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Eczema, also known as dermatitis, is a condition characterised by dryness of the skin. One of the range of atopic conditions, indicating an underlying allergic response. Associated with hayfever and asthma. There is some genetic association.

Info bulb.pngEasily described to patients:

Imagine the skin as a wall made of bricks and cement. Normal skin has good cement holding the bricks (the cells) together. People with eczema have faulty cement that makes the bricks unstable. This means that they can't prevent bugs from getting between the bricks and causing irritation. The idea of treating eczema is to restore the cement so that the bricks create a good barrier against infection and irritation again.



The mainstay of treatment in eczema is complete emollient therapy, combining

  • Emollient put on as often as possible
  • Soap substitute
  • Bath emollient

This should prevent soaps and water from stripping skin of the natural oils, and should increase the ability of the skin to act as a barrier to infection. After bathing, in a short bath with water that is not too hot, patients should pat themselves dry, because heat and vigorous rubbing has the potential to stimulate a histamine release from Mast cells and cause itch. While still damp, a thick layer of emollient should be applied and allowed to soak in. Emollient should be put on as often as possible. It is a good tip for babies with eczema, that they be moisturised whenever they have a nappy change.

The amount of emollient prescribed is vital. 30g is enough for a single application of a cream to the entire body of a 70kg average adult. Therefore in an adult with marked eczema to be using the right volume of emollient you would expect use of 500g a week. In children or babies 500g every 2-3 weeks should suffice. Ideally patients should have a choice in the type of emollient they like - many prefer those in pump dispensers - which are ideal as it retains some sterility of the product. Greasier creams are less likely to be used - they are less well tolerated because of the greasiness - leaving a trail is inconvenient. However, they are more effective.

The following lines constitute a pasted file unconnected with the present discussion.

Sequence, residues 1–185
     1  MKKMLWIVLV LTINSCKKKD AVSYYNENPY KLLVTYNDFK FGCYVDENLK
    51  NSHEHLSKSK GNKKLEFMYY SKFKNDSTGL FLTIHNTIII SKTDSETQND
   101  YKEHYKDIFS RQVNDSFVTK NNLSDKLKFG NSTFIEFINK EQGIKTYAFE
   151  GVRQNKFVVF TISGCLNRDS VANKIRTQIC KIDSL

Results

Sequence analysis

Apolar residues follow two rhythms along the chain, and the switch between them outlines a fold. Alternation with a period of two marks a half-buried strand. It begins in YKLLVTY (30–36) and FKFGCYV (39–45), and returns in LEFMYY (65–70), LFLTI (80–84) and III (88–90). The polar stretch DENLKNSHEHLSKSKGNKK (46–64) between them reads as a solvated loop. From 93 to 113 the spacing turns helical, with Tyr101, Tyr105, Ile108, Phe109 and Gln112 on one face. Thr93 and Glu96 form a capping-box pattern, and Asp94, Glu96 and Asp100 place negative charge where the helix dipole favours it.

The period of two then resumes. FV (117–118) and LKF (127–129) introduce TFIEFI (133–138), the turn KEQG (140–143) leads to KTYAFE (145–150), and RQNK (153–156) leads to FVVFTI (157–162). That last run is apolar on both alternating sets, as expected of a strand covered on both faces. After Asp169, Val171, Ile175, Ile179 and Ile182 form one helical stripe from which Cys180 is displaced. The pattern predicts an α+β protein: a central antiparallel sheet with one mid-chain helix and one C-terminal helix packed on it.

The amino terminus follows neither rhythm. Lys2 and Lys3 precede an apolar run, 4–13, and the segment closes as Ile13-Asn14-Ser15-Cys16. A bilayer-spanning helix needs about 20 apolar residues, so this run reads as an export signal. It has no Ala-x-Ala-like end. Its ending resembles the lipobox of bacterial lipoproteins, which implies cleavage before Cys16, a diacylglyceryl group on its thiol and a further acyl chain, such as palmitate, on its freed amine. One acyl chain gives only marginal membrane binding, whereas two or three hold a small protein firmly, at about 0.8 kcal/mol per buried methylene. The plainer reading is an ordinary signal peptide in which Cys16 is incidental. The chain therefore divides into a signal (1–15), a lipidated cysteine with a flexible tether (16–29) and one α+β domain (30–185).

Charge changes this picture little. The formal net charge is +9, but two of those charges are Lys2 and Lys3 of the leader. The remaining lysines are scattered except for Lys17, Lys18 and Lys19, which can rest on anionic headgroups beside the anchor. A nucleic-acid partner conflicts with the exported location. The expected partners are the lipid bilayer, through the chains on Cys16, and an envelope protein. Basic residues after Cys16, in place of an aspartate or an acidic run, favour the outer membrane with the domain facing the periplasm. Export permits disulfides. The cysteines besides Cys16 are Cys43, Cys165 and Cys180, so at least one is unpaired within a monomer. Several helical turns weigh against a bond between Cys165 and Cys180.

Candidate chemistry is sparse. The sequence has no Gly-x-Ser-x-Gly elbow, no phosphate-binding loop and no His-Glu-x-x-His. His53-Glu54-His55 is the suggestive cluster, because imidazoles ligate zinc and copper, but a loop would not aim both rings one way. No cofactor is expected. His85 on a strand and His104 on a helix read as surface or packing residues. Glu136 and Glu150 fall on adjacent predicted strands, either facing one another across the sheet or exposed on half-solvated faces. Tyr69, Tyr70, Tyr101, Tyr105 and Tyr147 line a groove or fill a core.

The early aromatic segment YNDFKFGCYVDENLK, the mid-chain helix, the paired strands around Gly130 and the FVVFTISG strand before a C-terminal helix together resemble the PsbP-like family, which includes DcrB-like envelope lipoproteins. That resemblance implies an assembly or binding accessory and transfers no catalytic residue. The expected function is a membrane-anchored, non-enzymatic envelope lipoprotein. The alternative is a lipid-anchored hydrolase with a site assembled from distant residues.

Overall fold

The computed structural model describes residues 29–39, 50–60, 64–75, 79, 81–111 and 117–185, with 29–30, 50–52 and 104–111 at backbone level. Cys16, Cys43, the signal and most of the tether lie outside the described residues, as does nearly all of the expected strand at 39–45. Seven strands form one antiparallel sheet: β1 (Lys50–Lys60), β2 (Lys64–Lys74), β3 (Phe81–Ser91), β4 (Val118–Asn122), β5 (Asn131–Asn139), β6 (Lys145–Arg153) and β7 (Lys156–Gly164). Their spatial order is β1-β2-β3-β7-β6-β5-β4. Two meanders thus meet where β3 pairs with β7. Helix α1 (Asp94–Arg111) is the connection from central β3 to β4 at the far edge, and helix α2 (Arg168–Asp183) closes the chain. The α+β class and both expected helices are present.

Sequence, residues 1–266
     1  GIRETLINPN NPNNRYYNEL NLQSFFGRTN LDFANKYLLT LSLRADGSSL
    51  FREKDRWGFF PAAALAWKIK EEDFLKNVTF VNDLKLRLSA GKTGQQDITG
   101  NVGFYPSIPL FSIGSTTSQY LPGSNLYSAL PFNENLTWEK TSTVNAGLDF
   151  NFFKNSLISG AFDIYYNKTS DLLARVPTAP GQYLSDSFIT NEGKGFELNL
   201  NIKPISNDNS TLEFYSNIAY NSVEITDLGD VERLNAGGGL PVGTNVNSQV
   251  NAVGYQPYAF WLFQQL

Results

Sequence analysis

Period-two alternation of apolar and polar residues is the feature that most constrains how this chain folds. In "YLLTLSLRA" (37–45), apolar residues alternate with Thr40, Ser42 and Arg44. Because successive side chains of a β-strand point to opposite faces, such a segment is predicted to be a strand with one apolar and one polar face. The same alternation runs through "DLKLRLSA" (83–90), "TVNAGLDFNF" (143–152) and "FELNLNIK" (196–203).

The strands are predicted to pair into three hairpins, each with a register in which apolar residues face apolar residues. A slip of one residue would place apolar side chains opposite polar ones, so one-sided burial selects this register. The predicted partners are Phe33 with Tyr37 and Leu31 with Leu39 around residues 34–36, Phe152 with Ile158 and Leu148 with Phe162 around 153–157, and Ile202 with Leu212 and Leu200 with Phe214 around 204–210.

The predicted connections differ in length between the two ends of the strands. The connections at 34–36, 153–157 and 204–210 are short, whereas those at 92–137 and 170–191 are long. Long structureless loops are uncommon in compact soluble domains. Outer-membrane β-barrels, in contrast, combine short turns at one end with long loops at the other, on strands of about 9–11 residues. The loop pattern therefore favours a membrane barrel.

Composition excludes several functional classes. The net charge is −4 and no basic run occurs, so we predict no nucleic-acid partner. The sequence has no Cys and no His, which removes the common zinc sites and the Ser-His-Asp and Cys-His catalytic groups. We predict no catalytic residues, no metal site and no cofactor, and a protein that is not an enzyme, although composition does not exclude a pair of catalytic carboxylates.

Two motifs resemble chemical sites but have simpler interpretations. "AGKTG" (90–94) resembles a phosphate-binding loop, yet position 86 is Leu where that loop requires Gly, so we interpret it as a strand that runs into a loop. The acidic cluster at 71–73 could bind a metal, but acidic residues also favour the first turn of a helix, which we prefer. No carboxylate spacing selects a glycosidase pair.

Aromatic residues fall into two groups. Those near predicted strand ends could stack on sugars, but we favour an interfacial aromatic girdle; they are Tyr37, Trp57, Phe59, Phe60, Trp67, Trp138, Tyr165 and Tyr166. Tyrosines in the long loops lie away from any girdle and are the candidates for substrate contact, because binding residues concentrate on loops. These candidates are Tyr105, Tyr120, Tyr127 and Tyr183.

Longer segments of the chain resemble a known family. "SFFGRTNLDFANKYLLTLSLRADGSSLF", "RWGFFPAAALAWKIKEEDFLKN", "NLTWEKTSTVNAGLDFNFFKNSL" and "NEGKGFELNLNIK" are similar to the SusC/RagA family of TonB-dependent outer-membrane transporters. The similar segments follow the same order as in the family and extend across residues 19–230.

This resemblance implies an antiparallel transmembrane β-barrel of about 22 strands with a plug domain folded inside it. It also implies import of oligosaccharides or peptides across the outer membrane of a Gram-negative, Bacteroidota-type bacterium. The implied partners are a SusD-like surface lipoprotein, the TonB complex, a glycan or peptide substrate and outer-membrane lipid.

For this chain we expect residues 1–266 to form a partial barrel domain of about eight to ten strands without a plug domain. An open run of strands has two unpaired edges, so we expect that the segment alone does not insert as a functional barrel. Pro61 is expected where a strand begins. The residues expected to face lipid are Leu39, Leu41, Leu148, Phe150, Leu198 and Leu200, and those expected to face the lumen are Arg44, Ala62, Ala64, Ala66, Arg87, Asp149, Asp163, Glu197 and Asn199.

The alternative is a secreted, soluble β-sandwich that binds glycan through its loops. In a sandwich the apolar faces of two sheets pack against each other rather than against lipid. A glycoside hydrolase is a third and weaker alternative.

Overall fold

LogoKeyPointsBox.pngAn adult with marked eczema should be using 500g of emollient a week

Eczema Flare

This usually occurs due to a lack of consistent emollient use or contact with a specific allergen or bacterial antigen. See eczema flare

Topical Steroids

When eczema worsens it is often necessary to use topical steroid creams.

  • The least potent cream that is sufficient to treat the problem is the best.
  • Steroids should be used sparingly and for short periods.

Steroids should be applied according to the FTU rule (described by CC Long and AY Finlay in 1991).[1] One fingertip unit (the distance between the tip of the finger to the crease of the DIP joint) should cover the equivalent of area of two palmar surfaces on the patient's body. One FTU in an adult is approx 0.5g. So from this you can calculate how much cream will be required per week for a patient using the correct amount of steroid.

Dose of cream in a fingertip unit varies with age:

  • Adult male: one fingertip unit provides 0.5 g
  • Adult female: one fingertip unit provides 0.4 g
  • Children of four years ­ approximately 1/3 of adult amount
   * Infants six months to one year­ approximately 1/4 of adult amount

Amount of cream used varies with body part:

   * One hand: apply one fingertip unit
   * One arm: apply three fingertip units